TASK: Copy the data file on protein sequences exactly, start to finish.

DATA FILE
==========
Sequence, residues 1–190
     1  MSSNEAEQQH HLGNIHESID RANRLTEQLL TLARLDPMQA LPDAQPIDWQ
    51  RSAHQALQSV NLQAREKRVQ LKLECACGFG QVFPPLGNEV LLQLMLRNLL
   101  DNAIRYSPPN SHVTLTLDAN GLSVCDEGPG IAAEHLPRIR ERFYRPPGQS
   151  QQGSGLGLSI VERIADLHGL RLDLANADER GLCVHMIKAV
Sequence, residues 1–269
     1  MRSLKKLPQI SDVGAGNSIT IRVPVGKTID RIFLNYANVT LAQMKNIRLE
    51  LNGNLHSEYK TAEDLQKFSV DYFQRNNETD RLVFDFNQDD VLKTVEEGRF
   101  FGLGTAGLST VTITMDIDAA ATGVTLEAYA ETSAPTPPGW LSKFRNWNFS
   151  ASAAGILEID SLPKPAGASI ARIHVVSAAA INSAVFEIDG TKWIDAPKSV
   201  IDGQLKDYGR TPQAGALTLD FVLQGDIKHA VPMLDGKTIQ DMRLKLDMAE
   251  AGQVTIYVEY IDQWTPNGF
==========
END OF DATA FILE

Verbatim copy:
Sequence, residues 1–190
     1  MSSNEAEQQH HLGNIHESID RANRLTEQLL TLARLDPMQA LPDAQPIDWQ
    51  RSAHQALQSV NLQAREKRVQ LKLECACGFG QVFPPLGNEV LLQLMLRNLL
   101  DNAIRYSPPN SHVTLTLDAN GLSVCDEGPG IAAEHLPRIR ERFYRPPGQS
   151  QQGSGLGLSI VERIADLHGL RLDLANADER GLCVHMIKAV
Sequence, residues 1–269
     1  MRSLKKLPQI SDVGAGNSIT IRVPVGKTID RIFLNYANVT LAQMKNIRLE
    51  LNGNLHSEYK TAEDLQKFSV DYFQRNNETD RLVFDFNQDD VLKTVEEGRF
   101  FGLGTAGLST VTITMDIDAA ATGVTLEAYA ETSAPTPPGW LSKFRNWNFS
   151  ASAAGILEID SLPKPAGASI ARIHVVSAAA INSAVFEIDG TKWIDAPKSV
   201  IDGQLKDYGR TPQAGALTLD FVLQGDIKHA VPMLDGKTIQ DMRLKLDMAE
   251  AGQVTIYVEY IDQWTPNGF